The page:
So you want to see what Twitter is all about. You are also part of a company that you’d like represented on Twitter. Do you start a page for both? Do you tweet as yourself AND your company? Do you just tweet as the company? I’ve been faced with this question a couple of times this week. Allow me to share my thoughts…
The way you approach Twitter really needs to be based on how you intend to use it. Do you want to build your brand? Do you want to engage your customers and seek out potential clients? Do you want your brand to be the face of your company, or do you have a person who might better represent you? These are all things to consider. When you decide it’s time to bring your company to Twitter, I feel like you have three main options.
- The Branded Company Account. This one is all business. Tweets will be all company related. You can use it for things like product updates, website updates, special events, and even “Twitter only” discounts! While some people may find value in following this type of account, I feel that they miss the point of social networking. They’re not really providing anything that an RSS feed or an on-site blog could provide. You are also going to struggle to find people to follow you. Those who follow you are probably existing customers, not new prospects. Many who follow you will eventually unfollow due to lack of interest in what you’re tweeting.
- The Person as a Member of a Company Account. This type of account is really what the majority of Twitter users seem to be. Most users are people who are also promoting their website, their services, their products, or their company. For many, a major motivation to use Twitter is to try to gain followers in order to help promote products or services. The beauty of this type of account is that it can appeal to fans of your company, as well as casual Twitter users. Posting tweets as a person can help you relate to people more than stale company updates can. Ultimately, Twitter works because you don’t have to follow anybody. If you aren’t providing content that other people find interesting, they will remove you from their list. One downside of this type of account is that you do lose some of your freedom. You are representing your company, and you’ll often want to keep things a little more professional, and ‘clean’, than some other users.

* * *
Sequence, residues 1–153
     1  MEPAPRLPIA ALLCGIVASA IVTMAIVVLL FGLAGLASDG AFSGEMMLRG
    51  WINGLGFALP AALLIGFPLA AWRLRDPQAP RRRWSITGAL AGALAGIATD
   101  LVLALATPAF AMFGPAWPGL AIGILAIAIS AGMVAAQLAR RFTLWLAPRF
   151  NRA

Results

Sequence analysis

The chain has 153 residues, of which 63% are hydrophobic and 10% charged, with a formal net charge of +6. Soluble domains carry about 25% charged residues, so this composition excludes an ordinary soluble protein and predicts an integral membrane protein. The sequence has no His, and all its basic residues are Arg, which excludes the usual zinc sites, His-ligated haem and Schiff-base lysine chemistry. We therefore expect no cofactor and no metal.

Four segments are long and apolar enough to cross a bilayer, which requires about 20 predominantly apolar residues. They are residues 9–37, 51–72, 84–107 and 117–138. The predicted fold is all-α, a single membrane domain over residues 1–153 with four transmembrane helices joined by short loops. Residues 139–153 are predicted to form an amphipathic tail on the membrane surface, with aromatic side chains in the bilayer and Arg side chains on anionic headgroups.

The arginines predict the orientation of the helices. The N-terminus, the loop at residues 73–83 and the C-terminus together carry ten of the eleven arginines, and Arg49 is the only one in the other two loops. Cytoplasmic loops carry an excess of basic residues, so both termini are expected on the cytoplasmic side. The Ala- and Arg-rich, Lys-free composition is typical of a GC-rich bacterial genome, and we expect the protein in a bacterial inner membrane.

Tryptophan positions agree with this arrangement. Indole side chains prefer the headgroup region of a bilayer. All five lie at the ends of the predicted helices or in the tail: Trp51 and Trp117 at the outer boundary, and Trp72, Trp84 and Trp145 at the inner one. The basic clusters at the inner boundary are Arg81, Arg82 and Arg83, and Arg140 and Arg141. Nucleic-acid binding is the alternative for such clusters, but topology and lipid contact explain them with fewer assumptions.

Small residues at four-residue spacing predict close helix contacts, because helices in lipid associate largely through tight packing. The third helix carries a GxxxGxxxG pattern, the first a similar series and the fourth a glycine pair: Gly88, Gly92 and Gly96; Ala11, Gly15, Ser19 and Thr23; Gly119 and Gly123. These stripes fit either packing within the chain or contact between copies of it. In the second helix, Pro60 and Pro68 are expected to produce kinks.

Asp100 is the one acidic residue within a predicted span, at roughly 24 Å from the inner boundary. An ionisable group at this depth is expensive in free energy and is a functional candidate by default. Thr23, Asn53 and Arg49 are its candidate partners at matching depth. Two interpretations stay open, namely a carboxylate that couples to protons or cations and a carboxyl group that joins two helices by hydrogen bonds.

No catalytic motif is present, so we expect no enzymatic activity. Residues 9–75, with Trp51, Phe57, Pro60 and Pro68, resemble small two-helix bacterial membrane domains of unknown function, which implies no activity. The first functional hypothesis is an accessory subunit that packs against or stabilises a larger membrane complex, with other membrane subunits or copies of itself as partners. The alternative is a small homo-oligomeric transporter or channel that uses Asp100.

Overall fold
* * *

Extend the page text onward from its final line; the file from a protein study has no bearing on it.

- Multiple Accounts. Some people want their company on Twitter, but they also want to use Twitter apart from their company. Sometimes a company will have several divisions, and they’ll want each represented on Twitter for branding purposes. Multiple accounts would accomplish these things. This seems like a LOT of work to me, but there are those that manage it. There are programs and websites to help you manage multiple accounts, too. Having several accounts might seem like a good idea at first, but remember you if you want them to succeed you have to actually use them! If you don’t have the time or energy to log on and use each account, it’s probably best to pick one of the options above.
Twitter can be a great way to bring your company or website to the masses. The big thing to remember is that Twitter is all about engaging other people. Try to tweet things that people may find interesting or useful. Follow a few of the super popular Twitter users. Watch how they engage and relate to their followers. If you can find ways to do the same, and provide worthy content to those who are following you, your time on Twitter will be well spent!